The Stalwart

Women: Forerunners of collaboration, community building, and admirable leadership



There’s nothing like comradery and collective experience(s) to be the catalyst for the upliftment of community and humankind. Even though The Stalwart paused for the reorganization in March, that’s how I view the celebration of Women’s History Month. Women have been the source of admirable leadership for centuries. However, their leadership often gets overlooked and is undervalued as a source of expertise and wisdom. The legacy of women’s leadership has had lasting effects on many of our institutions and policies.

When we contextually examine the leadership of women, we can see the fruits of their labor wrapped in ingenuity, creativity, resourcefulness, determination, and faith. I often refer to women’s leadership as purpose wrapped in a cloak of justice. If you haven’t read Herstories: Leading with the lessons of the lives of Black women activists, I advise you to do so to shed light on women’s purpose driven leadership. It is within their purpose that we see their leadership as sites of equity, humanity, and advocacy. Here are some highlights of women who were forerunners in their perspective fields that laid the foundation for the work many of us do today:

•Frances Jackson Coppin 1837-1913 – 37 year educator. First Black woman school leader in the United States to hold the office of superintendent of a school district. Coppin State University, HBCU is named in her honor.

•Anna Julia Cooper 1858-1964. Educator, principal, and scholar. 4th Black woman to receive her doctorate in the United States

•Ethel Hedgeman Lyle 1887-1950 – Educator, 1st Black woman college graduate to teach in a normal school Oklahoma and the first to earn a Life Certificate from the Oklahoma State Department of Education. Founder of Alpha Kappa Alpha Sorority, Incorporated 1908.

•Jessie McGuire Dent 1891-1948 educator that successfully sued for equal pay for Black teachers in Galveston, Texas. Founder of Delta Sigma Theta Sorority, Incorporated 1913

Social Work & Healthcare
•Frederica Chase Dodd 1893-1972, one of New York’s first Black Social Workers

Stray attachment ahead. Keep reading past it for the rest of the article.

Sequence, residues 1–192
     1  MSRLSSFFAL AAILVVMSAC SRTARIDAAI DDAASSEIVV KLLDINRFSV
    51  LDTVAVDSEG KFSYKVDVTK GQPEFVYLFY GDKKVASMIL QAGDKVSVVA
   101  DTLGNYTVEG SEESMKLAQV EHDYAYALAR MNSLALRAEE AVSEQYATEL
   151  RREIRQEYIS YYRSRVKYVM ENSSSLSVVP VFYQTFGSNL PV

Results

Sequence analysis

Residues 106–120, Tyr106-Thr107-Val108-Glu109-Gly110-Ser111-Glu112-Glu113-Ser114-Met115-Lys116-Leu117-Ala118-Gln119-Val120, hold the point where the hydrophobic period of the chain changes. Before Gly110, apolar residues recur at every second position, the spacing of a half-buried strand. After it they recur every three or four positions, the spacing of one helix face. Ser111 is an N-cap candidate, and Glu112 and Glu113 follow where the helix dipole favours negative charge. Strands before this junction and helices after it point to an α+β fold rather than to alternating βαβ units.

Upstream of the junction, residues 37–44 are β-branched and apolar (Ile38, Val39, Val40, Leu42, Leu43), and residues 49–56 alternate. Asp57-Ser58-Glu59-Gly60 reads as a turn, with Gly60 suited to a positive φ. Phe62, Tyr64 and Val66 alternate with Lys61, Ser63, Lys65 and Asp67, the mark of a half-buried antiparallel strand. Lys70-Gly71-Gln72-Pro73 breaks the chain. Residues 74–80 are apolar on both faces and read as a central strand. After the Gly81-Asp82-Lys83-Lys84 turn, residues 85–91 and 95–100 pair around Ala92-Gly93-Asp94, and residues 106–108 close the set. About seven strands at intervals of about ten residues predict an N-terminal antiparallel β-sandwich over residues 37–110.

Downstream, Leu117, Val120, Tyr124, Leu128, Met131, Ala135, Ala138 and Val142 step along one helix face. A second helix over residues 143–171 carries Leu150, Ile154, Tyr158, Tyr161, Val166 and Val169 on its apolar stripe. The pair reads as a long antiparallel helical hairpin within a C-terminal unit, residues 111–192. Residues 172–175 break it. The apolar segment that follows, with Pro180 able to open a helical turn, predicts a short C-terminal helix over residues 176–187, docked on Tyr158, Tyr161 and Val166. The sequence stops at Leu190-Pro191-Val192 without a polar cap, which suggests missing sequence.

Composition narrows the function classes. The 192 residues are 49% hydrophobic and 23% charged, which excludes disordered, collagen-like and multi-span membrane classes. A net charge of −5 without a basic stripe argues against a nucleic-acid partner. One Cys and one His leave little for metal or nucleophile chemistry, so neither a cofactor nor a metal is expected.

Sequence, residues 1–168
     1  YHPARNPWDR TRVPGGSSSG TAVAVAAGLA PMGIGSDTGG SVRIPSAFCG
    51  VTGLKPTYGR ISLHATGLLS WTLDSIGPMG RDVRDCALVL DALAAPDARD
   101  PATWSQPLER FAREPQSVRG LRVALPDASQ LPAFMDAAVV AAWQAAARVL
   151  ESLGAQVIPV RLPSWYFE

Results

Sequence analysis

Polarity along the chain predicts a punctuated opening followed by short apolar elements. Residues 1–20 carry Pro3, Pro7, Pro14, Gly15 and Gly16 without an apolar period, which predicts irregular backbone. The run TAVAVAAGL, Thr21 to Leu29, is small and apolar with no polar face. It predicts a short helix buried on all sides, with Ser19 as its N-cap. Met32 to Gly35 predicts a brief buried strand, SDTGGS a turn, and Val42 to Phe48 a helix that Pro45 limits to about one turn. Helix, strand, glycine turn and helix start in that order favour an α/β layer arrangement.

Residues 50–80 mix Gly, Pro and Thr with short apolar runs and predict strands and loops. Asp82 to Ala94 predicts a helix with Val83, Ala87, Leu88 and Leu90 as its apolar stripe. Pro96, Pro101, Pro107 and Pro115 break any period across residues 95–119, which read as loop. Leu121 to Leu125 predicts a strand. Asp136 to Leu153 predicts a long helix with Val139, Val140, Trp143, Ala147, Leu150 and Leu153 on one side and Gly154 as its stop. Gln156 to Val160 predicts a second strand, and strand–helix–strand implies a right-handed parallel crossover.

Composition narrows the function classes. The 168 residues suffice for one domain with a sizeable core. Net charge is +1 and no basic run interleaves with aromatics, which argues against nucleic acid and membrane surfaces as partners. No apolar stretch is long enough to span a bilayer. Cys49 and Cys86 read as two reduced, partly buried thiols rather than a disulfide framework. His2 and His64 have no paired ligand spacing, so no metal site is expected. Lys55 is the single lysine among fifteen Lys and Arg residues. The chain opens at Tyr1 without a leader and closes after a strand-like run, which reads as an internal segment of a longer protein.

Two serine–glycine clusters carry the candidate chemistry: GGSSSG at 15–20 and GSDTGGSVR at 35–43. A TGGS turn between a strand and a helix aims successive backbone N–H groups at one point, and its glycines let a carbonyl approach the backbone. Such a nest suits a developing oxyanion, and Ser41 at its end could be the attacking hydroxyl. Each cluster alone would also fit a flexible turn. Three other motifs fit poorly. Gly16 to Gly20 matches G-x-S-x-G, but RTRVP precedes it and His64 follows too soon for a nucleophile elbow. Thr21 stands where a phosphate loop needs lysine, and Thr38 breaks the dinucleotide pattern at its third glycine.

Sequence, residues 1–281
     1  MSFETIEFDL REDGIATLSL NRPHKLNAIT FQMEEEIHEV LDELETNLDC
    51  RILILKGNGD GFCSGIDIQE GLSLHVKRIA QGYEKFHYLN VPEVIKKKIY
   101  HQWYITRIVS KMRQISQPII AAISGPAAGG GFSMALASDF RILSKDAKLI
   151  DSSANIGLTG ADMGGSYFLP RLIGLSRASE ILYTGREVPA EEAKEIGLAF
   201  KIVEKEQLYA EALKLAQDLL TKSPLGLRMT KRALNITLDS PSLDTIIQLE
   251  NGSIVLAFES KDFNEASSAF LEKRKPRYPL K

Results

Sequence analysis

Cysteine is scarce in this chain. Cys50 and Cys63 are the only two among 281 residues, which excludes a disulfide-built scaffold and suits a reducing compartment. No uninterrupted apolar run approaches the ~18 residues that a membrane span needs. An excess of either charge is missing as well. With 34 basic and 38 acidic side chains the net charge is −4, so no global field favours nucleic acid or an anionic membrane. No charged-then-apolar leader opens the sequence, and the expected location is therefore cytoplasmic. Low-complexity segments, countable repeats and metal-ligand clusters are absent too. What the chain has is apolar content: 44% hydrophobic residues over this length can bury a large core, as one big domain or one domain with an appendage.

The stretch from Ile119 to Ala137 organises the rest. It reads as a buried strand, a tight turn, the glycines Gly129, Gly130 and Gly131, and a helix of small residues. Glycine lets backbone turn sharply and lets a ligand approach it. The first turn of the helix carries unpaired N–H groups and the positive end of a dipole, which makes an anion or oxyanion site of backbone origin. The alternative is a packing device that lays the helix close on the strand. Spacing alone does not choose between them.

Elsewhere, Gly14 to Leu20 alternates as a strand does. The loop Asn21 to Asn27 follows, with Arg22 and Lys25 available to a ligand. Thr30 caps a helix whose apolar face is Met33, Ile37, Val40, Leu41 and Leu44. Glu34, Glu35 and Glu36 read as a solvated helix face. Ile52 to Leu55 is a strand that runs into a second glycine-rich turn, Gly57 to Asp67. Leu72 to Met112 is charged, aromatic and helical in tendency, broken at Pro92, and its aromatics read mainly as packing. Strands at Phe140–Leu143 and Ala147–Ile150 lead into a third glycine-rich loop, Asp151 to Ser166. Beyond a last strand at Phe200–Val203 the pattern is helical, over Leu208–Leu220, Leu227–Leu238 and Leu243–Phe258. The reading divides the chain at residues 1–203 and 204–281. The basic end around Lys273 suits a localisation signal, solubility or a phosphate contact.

•Betty Shabazz – 1934-1997 educator and nurse. Associate professor of health sciences at Medgar Evers College

•Gloria Richardson – leader of Cambridge Movement in 1960’s that addressed inadequate wages, poor housing, and poor healthcare

•Margaret Charles Smith 1906-2004. Former slave, one of first Black midwives in the United States. Is credited to delivering 3,500 babies without losing a single mother even in the poorest of conditions.

Entrepreneurship, Military & Activism
•Bridget “Biddy” Mason – ex slave, midwife, and entrepreneur. First woman to own land in Los Angeles

•Charity Adams Early – 1842-1946, first Black woman to be commissioned as an officer in the Women’s Army Corps

•Charlene Alexander Mitchell, labor, and civil rights activist, stood as 3rd party candidate in the 1968 presidential election.

This list is just a snippet of the breadth and depth of the influential leadership of women. I firmly believe that women should be acknowledged for leading well, be seen as successful champions in their fields, as well as not forgotten as the forerunners of collaboration, community building, and admirable leadership. It is pertinent to honor their work because it influences our work even when we are unaware. The influence of women and their leadership is all around us. I urge you to explore your professions’ origins and find the hidden figures that have paved the way and opened doors. Chances are during your exploration you’ll find hidden gems, valuable leadership lessons, and hopefully some living legends. Good luck on your leadership expedition!
Love y’all double time®

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